In another sign the aviation industry is crumbing amid the pandemic, the boss of British Airways has said the airline won’t survive unless the government introduces COVID-testing at airports instead of controversial quarantines rules.
In an opinion piece written for The Telegraph, Mr Cruz said his airline “can survive” providing the government worked with it and not “against” it.
He added that the airline operated at just 5 per cent schedule in March, April and May, which had still only increased to 30 per cent now.
“Airports like our home Heathrow have testing stations set up and ready to go, but their teams are standing idle waiting while our government sits on its hands,” Mr Cruz wrote.
“Thirty other countries have introduced airport testing to unlock the problem, so my question to the government is, why can’t we?”
Mr Cruz and other executives from the travel industry are calling for an end to the quarantine restrictions which have all but stopped the majority of travel, as it requires families and holiday-makers to self isolate for two weeks when returning to the UK.
Other countries are instead enforcing COVID-19 tests on arrival, which if negative, will allow the person to enter without quarantining.
It’s a concept Qantas boss Alan Joyce also supports.
Speaking at the CAPA Australia Pacific Aviation Summit, Mr Joyce said bringing in a pre-flight COVID-19 test could restart international travel sooner rather than later.
“There’s some great developments in testing that could resolve the issue of people needing to go into quarantine,” he noted.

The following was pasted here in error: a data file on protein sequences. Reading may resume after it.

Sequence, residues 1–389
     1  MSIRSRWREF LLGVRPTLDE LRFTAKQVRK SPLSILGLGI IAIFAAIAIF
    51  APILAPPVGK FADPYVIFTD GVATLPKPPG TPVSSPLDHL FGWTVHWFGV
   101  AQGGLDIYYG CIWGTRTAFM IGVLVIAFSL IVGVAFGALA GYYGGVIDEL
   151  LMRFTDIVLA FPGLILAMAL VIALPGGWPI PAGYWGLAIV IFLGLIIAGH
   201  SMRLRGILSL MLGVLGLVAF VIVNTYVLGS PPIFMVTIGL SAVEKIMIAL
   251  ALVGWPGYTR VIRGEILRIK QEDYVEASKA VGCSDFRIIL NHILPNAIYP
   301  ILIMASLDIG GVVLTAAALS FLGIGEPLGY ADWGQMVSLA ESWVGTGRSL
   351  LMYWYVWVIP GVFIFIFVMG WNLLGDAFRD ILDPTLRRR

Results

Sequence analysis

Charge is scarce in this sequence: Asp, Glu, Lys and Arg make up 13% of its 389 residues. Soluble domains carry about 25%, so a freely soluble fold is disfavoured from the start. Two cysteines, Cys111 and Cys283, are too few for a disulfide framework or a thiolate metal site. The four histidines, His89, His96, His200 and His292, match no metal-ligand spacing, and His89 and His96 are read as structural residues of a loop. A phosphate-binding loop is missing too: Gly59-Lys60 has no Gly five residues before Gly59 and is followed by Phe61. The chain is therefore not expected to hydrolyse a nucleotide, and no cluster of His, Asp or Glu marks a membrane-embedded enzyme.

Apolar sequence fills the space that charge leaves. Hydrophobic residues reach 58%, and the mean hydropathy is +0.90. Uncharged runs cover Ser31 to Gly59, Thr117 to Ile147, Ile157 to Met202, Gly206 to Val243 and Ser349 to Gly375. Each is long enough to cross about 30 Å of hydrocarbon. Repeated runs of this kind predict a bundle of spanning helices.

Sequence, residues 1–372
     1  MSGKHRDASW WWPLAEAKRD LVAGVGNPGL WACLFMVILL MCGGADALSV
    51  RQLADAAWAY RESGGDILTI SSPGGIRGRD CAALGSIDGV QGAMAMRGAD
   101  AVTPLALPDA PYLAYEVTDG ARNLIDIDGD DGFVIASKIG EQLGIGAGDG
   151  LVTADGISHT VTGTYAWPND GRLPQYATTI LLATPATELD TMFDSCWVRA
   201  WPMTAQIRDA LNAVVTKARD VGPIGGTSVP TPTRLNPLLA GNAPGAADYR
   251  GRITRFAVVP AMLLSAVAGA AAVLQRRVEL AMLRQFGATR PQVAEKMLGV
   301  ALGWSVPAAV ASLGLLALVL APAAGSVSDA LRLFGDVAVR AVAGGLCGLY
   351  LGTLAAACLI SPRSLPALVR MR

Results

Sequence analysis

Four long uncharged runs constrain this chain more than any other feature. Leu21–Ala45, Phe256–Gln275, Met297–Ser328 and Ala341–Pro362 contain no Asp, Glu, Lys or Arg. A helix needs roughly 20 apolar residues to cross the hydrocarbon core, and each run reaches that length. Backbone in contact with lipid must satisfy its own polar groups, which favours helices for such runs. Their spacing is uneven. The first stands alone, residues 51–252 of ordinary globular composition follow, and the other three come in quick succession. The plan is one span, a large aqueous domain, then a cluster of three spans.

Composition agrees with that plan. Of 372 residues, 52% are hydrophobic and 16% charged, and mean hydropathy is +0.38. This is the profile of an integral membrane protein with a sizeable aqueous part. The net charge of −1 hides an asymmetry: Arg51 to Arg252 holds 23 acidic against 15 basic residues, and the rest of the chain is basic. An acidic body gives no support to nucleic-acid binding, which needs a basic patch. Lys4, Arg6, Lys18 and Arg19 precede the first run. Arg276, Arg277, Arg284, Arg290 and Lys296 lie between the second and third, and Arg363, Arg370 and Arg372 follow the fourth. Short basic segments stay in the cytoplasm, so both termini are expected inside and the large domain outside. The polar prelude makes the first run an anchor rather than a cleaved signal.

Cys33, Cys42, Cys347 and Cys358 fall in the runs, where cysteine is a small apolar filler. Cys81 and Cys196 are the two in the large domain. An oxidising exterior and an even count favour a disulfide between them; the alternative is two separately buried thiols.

Those tests are “potentially super-fast, 15 minutes or so,” Mr Joyce said, “to test whether you’re exposed to COVID-19, which means if you pass there’s no need to be in quarantine at the other end.”
British Airways has warned of 12,000 job losses if help isn’t provided to the airline and have already axed more than 2000 from their catering firm Do & Co.
Former prime minister Theresa May has begged Boris Johnson for rapid-fire airport testing to replace the 14 day quarantine for passengers.
Former PM Tony Blair has also waded in on the row – warning a failure to screen passengers would cripple international trade.
It is understood, however, that Mr Johnson said evidence from Public Health England shows that only 7 per cent of cases could be caught by screening passengers on arrival.
“So 93 per cent of the time you could have a real false sense of security, a false sense of confidence when you arrive and take a test,” he said.
“That’s why the quarantine system that we have has got to be an important part of our repertoire, of our toolbox, in fighting COVID.
“What we don’t want to see is reinfection coming in from abroad and quarantine is a vital part of that.”